Tag: restoration

Work starts on Chapels

‘Heritage Stone Access’ began work this week to clear shrubbery and re-fix loose and fallen masonry on the chapels, in an effort to slow deterioration pending funding being available to undertake renovation work.

20150825_102629As we all know, money is tight in Birmingham City Council and therefore renovation of the chapels remains some way off.  (The majority of grant applications would demand match funding as a minimum from the site/building owners- BCC)

Bereavements Department are keen, along with the Friends, to try and keep the Chapels from deteriorating further during this lean period so have engaged a reputable company, with a good history of work on heritage buildings, to carry out various works. This includes making the building ‘pigeon proof’. (Large amounts of pigeon poo have already been professionally removed!) Shrubbery has also been sprayed with weed killers and partially removed.

20150825_102629 - CopyThose eagled eyed visitors to the cemetery will have noticed that since the pigeons have been denied access to the buildings they have taken to roosting on the tower and creating quite a mess! Whilst on site the contractors will also be re-fixing masonry that has fallen (as seen across). We all watch with interest.

Vistas opening up!

As mentioned in the article below, the clearance of ‘self set’ trees growing on, or close to graves has now started. If you are familiar with the cemetery you can see, from the photographs below, what a difference it will make.  Many graves that have been hidden for years have been exposed and the view across the section has now been opened up. This work will also mean that the tree lined avenues will now appear more defined.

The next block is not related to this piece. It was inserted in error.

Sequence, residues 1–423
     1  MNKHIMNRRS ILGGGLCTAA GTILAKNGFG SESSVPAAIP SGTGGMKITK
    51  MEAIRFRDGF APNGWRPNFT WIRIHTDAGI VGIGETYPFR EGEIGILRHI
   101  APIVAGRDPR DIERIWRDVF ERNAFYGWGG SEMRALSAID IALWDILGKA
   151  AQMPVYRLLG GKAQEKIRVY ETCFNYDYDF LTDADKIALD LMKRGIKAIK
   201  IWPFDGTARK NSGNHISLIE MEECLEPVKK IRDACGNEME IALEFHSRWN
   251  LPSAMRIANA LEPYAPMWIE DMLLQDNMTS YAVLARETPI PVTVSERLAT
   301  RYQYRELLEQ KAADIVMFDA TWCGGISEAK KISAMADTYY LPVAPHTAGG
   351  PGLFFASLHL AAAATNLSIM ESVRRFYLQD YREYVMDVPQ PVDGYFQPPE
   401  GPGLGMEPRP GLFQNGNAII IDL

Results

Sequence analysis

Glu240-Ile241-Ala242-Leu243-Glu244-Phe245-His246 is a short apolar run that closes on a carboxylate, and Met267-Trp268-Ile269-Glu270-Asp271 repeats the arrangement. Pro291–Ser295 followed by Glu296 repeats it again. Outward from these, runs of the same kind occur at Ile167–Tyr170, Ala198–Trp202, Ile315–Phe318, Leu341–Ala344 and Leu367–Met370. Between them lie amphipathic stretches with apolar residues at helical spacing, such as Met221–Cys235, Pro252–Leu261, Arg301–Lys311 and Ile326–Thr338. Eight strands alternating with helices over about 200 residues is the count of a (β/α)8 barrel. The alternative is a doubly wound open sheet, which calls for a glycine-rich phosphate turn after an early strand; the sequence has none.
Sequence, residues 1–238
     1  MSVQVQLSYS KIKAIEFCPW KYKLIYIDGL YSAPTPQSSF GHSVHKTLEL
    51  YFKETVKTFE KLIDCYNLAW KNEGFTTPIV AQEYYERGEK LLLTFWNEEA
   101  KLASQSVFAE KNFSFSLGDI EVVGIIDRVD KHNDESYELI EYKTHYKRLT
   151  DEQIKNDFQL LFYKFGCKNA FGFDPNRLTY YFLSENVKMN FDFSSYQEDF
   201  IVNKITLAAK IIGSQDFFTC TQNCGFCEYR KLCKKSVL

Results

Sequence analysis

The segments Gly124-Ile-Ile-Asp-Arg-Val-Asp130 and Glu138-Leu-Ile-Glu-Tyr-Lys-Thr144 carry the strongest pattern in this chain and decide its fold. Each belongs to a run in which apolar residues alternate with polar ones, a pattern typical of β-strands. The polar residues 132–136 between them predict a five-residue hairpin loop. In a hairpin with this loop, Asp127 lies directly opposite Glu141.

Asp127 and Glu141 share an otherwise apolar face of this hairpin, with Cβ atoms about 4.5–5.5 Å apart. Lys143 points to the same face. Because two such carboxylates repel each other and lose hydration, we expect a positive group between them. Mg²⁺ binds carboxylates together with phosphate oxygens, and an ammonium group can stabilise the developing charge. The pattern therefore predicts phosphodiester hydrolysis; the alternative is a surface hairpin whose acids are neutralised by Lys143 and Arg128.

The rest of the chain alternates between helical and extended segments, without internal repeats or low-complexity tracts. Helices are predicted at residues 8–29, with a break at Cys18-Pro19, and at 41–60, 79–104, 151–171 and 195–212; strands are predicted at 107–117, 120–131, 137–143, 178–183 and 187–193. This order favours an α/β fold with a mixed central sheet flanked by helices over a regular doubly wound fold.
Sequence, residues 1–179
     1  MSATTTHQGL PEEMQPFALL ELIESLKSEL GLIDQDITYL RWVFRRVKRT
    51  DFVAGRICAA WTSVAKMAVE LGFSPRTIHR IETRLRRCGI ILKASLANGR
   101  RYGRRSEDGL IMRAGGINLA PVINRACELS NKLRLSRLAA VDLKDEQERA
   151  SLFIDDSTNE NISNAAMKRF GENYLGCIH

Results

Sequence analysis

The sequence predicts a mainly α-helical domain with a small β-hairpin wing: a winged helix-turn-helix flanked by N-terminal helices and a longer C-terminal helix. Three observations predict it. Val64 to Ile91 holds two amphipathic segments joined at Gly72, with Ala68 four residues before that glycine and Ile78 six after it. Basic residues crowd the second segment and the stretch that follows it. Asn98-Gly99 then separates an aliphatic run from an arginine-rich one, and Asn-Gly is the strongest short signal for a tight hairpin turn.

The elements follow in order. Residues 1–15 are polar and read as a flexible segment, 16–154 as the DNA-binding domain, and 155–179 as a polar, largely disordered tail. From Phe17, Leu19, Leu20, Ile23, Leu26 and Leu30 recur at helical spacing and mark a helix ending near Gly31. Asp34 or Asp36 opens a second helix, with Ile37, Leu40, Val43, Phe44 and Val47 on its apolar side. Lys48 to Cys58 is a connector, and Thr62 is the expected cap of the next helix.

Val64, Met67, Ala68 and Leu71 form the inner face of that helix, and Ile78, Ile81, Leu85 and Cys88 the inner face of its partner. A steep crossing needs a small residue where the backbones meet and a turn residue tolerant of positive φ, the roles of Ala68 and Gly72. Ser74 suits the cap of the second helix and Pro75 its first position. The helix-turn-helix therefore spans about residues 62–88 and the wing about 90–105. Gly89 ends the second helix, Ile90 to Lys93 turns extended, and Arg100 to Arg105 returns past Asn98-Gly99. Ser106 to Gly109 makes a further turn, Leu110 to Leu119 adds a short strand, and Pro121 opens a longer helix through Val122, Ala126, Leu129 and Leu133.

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If you look carefully in the photograph you will see the size of some of the felled trees that have obscured (piled to the right) both graves and views. None of the felled trees were part of the original planting.

 

 

 

This open view across the cemetery hasn’t been seen for many years.

Hopefully this will also mean that family members may be able to trace graves they thought were lost forever, and consider their restoration.

Seasons Greetings to all our supporters from Friends of Brandwood End Cemetery

2013 has been a year when Friends of Brandwood End have had to take a step back and think again about the way they want to move forward in 2014. We were all very disappointed when Birmingham City Council had to withdraw their financial support for a lottery bid relating to the twin terracotta mortuary chapels at the centre of the cemetery. Along with many local organisations we saw the time when Birmingham would be in a position to support any bid we proposed move further and further away. We are now working with Bereavements Department to investigate alternative fund raising options but in the meantime we will continue with our other achievable projects within the cemetery, whilst keeping the chapels at the front of our campaign.

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Brandwood End Cemetery gates get a facelift

Gates at Brandwood End Cemetery get a facelift

Many of us with an interest in Brandwood End Cemetery have been waiting for some time for improvements to be carried out to the gates at both entrances.  We are pleased to report that both gates have now been repainted and look fresh and cared for. These gates are large and intricate and the preparation and repainting must have represented a major task. Our thanks go to Bereavements Department who have facilitated this.

‘Save our Chapels’ Petition presented to Birmingham City Council